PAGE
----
As a real estate investor, the ultimate criterion for investing will be your possible returns. Many industry terms allude to methods for measuring returns, and you can find a wealth of information online. One term often used in real estate describes cash-on-cash returns or your return on equity.
What is Return on Equity?
Return on equity is the percentage return of net cash flows or returns as compared against your total personal cash investment. Hence, the commonly used related phrase of cash-on-cash returns. These returns will be measured over a defined period such as a year. By measuring these returns, investors can compare returns against different classes of investment opportunities.
In real estate, there are two distinct ways in which you collect on returns.
The first way can be easily measured and observed. It is the period net cash flows you receive. For a rental property, this means the monthly net cash flows that land to your bank account after all related expenses have been charged against rental income.
Sometimes, as an investor, you may find yourself subsidizing or personally contributing to cover period expenses for a rental property. Investors will put up with what is essentially negative period returns and cash flows for one reason only.
This is what drives the second way to measure returns. Instead of only focusing on the current period returns, experienced investors will also look at the appreciative value of real estate. This is what is commonly termed as the upside of real estate investments.
How the Investment Upside Factors into Return on Equity
Instead of only banking on annual cash flows, savvy investors will also carefully evaluate the potential for real estate price appreciation. Real estate markets and pricing are regional, and over the years, different regions have demonstrated different price appreciation percentages.
We have reviewed regional pricing information in-depth for our investor clients in Metro Vancouver, and we’ve also decided to share our analysis through our blog post [HERE].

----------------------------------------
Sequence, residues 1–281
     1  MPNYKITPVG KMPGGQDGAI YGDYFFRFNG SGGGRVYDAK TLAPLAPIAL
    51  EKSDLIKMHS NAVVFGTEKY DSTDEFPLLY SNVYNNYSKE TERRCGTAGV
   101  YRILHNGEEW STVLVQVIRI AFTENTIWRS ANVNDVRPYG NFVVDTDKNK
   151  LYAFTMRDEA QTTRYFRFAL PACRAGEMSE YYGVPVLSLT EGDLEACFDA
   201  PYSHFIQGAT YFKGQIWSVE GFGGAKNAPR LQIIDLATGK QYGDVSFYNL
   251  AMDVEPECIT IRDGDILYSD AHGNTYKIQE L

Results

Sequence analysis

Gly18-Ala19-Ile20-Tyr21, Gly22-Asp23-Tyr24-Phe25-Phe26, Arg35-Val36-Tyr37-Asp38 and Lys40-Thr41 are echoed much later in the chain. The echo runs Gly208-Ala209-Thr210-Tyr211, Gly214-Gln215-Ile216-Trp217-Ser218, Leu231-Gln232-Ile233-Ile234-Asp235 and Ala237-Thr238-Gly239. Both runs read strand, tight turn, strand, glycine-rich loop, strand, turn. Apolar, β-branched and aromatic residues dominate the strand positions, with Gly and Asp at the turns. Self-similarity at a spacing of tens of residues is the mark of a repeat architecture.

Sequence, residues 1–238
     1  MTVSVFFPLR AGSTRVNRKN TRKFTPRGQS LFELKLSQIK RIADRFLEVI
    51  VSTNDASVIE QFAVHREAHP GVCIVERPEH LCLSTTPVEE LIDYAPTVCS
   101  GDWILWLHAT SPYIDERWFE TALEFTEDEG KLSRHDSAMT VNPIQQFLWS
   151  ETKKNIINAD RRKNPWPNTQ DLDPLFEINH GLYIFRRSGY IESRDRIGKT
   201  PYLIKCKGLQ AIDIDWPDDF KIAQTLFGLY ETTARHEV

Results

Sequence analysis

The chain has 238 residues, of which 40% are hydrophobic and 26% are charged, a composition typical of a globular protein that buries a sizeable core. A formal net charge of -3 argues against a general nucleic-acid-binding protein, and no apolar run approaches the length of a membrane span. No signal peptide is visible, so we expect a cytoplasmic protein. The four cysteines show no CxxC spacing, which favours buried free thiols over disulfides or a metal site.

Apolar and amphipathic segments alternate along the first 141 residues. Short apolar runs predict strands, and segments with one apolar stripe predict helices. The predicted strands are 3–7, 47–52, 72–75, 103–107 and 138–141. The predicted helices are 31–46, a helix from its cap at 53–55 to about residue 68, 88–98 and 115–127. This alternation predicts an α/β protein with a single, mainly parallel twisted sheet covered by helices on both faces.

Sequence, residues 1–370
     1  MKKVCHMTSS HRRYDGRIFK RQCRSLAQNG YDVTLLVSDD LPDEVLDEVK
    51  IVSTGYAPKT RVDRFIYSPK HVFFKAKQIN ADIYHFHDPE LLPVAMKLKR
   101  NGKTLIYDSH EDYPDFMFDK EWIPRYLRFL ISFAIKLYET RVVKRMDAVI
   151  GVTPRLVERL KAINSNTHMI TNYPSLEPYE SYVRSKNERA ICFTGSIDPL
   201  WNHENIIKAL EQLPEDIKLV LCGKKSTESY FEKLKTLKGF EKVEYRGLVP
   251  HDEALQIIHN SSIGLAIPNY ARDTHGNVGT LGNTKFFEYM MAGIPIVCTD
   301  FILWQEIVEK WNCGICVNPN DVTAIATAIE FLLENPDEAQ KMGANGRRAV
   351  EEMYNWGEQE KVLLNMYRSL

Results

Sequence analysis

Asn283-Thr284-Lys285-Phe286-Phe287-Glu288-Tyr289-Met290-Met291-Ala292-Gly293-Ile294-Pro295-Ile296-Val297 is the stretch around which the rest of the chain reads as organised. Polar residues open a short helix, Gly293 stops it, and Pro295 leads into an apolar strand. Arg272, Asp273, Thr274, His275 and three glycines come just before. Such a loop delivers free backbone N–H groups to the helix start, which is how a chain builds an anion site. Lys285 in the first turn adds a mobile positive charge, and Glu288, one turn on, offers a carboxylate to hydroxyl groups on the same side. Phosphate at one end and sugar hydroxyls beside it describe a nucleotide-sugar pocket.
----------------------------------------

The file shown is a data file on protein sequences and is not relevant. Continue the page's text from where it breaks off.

In contrast to tangible period cash flows, the appreciation of real estate is intangible. As a result, measures for upside returns will be estimates at the end of the day. The important part is that investors will capitalize on the mid-term or long-run price appreciation of real estate. There may be intermediary dips and rises in the pricing, but the perceived general trajectory of real estate prices is upward.
What Does Return On Equity Mean for You as a Real Estate Investor?
We’ve covered the two general components when measuring your total return on equity. In summary, your return on equity can both include the tangible positive net cash flows over a fixed period as well as the underlying increase in real estate values.
The importance of either component of overall returns will depend on your circumstance and preference as an investor.
If your chief motive for investing is achieving a consistent income that supports daily finances, you may prioritize period returns.
If period returns are less important, you may instead focus on investing in properties with strong upside potential. You may subsidize period cash flows as an investor, but your focus will be on the gains from the price appreciation of real estate.
What is most important is to adopt a standardized way of measuring returns for yourself. By setting your criterion for returns, you can consistently measure and compare investments across classes or markets.